When calculating the MOD, always use a value less than the permissible value. The higher value of 1.6 ATA is used in emergency situations or during decompression stops. After calculating the MOD for various gases, it can be seen that the higher the oxygen content of the breathing mix, the lower the maximum depth.
|Breathing mixture||MOD (1.4 ATA)||MOD (1.6 ATA)|
|Air 21%||56 m.||66 m.|
|NITROX 32%||33 m.||40 m.|
|NITROX 36%||28 m.||34 m.|
|NITROX 50%||18 m.||21 m.|
|Oxygen 100%||4 m.||6 m.|
According to PADI standards, the maximum oxygen content in the breathing mix can be 40%. This is the limit that applies to recreational divers. Enriched air diving qualifications can be obtained at the PADI Enriched Air Nitrox diving course. You can do this course in one or two days.
After completing it, you’ll get a nitrox diver license. With this license you can use enriched air with an oxygen content in the range of 22% – 40%. In practice, however, you will most often use EAN32 and EAN36.
The biggest tangible benefit that nitrox gives us is the possibility of extending the dive time. During recreational diving with the use of nitrox we are less exposed to the occurrence of decompression sickness. Part of the nitrogen is replaced with oxygen, and thus a smaller amount of nitrogen dissolves in our tissues. Theoretically, diving with nitrox is safer when it comes to the possibility of decompression sickness.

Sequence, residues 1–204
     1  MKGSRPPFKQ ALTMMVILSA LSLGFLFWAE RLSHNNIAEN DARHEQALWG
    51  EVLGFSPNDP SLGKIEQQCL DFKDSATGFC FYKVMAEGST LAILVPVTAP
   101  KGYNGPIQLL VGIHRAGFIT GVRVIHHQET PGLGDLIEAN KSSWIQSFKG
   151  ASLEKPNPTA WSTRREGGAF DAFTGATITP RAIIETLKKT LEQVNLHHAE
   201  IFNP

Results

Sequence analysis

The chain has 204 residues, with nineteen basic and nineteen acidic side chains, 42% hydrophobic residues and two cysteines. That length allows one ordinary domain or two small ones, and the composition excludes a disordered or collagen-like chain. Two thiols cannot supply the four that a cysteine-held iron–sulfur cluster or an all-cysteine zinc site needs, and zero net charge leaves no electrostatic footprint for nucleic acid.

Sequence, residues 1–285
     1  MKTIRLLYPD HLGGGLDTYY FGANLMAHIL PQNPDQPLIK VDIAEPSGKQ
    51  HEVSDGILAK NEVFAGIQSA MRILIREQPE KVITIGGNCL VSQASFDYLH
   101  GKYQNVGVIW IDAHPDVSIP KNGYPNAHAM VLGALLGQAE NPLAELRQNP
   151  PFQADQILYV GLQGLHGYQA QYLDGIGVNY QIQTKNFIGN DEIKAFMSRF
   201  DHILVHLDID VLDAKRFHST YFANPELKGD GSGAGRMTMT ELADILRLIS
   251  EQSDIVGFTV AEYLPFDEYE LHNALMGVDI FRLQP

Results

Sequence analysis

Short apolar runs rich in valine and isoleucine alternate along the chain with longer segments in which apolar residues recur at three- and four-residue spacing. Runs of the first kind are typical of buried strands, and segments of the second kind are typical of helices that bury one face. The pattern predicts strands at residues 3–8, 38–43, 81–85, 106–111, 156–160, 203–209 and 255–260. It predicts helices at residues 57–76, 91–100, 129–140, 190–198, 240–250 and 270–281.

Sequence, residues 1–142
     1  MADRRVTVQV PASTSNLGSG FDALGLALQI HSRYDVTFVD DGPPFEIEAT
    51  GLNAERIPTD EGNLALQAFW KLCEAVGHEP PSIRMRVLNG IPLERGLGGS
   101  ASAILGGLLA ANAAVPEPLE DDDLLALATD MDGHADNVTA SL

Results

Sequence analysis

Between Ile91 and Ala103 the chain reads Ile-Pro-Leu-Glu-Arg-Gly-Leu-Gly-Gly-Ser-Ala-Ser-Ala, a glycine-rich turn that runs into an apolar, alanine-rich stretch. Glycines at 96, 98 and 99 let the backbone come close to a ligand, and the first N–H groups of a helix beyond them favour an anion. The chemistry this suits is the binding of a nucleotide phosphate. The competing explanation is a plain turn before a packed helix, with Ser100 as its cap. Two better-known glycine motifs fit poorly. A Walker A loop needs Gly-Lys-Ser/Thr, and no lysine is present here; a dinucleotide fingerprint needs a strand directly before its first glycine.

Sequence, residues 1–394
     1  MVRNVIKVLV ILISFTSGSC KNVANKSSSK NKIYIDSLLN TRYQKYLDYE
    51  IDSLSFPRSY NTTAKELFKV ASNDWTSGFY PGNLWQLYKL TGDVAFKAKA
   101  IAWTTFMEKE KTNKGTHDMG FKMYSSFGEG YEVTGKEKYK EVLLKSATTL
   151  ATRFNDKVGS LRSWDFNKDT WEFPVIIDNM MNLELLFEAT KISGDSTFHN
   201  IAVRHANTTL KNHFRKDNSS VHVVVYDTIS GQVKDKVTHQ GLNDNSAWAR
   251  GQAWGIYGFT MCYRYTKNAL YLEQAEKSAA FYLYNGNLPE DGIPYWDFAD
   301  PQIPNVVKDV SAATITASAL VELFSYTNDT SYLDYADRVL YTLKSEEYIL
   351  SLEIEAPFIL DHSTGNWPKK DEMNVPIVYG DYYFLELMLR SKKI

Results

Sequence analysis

I have already mentioned that nitrox 32% and 36% is the most popular gas among recreational divers. I think that this popularity is largely due to both its availability in diving bases and affordability.
The use of enriched air allows you to extend your dive time, but at the same time limits the maximum depth at which you can dive. Remember the general rule – the higher the oxygen content, the lower the maximum depth. This is clearly seen in this table, where the maximum depth for various types of gases is given:
|Depth / Gas||AIR 21%||EAN 32%||EAN 36%|
|18 meters||56 minutes||95 minutes||125 minutes|
|22 meters||37 minutes||60 minutes||70 minutes|
|30 meters||20 minutes||30 minutes||35 minutes|
As a recreational diver you will use enriched air in line with what you have learned during the course. However, it is worth mentioning that these are not all nitrox mixes used in diving. We can distinguish several types of enriched air:
Cold nitrox is a gas with an oxygen content in the range of 21% to 40%, intended largely for recreational divers. To use such mixtures, the equipment must be oxygen compatible, i.e. made of oxygen resistant materials. Most regulators are ready to work with such gas.
Hot nitrox contains from 40% to 100% oxygen and is mainly used by technical divers to perform decompression. When using hot nitrox, the equipment must meet aerobic purity requirements. Special regulators are used for this type of gas.
Now you know what enriched air is and how it differs from ordinary air. Is it worth diving with nitrox? In my opinion, most definitely. The reduced nitrogen content will allow you to stay underwater longer. And could there be anything better than an extra dozen or so minutes in the underwater world?
If you want to go on a vacation to a warm country for diving, you want to spend as much time as possible underwater, right? This is what allows you to dive with enriched air. Why would you not use it?